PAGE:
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Synanon: Self-Help Through Shame and Berating


In 1958, a recovering alcoholic named Chuck Dietrich discovered he had a talent for public speaking.  He was always a big hit at his Alcoholics Anonymous meetings, so he figured he’d take his talents and his $33 monthly unemployment check and try to give back to society.  Dietrich found he’d benefited greatly from A.A., but he was concerned about drug addicts, who weren’t admitted to the organization, because, as A.A. says, drug addiction is fundamentally different from alcohol addiction, and thus would require wholly different kinds of treatment.  Dietrich set out to help drug addicts and anyone else who needed support and organization in their lives.  That’s why he founded a two-year program called Synanon.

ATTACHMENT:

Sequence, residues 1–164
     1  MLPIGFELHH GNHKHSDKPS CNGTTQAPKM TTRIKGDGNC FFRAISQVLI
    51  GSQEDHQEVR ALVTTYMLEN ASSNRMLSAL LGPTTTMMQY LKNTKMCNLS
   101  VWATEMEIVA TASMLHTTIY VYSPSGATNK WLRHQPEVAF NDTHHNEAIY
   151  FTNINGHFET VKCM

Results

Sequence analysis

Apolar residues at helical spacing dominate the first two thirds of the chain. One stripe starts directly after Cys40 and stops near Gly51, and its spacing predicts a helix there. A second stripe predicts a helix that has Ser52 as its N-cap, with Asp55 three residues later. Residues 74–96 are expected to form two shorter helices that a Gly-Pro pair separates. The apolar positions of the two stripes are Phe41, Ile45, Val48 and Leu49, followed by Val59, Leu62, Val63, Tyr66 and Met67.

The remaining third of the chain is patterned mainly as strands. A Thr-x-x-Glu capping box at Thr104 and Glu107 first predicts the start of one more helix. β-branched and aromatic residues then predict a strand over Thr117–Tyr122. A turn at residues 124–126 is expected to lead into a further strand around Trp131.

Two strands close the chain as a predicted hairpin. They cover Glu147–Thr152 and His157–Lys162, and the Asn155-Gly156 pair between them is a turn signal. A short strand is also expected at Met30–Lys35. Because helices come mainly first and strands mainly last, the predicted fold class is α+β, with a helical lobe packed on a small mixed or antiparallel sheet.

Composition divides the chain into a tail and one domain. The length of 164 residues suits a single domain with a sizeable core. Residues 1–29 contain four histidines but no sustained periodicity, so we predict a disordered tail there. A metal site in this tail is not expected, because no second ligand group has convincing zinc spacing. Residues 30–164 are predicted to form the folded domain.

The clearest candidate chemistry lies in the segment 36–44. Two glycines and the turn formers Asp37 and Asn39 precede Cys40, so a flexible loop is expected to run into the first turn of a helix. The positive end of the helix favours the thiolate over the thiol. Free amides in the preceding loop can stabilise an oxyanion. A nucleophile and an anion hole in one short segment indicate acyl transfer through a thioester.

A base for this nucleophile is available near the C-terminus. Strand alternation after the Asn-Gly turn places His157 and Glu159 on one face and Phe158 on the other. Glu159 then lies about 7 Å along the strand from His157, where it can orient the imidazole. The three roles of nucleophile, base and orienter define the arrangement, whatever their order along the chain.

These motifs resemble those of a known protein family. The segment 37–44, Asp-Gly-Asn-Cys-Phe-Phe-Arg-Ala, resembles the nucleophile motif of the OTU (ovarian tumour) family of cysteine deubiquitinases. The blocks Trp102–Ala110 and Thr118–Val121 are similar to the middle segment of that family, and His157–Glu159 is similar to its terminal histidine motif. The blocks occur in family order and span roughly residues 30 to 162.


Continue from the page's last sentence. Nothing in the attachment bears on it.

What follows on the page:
The idea behind Synanon was to hold nothing back, because your chemical dependency was probably a symptom of your repressed emotions.  Synanon’s main activity was something Dietrich called The Game, which was designed to release these emotions.  To play The Game, all you did was sit in a circle and say what you felt about anything, about anyone, about the others in the room, about yourself.  You were to hold nothing back, no matter how cruel and abusive you might get.  You could get as verbally abusive as you wanted, but physical violence was strictly forbidden.  So were drugs and alcohol, of course.  “Talk dirty and live clean” was an oft-repeated mantra of Dietrich’s.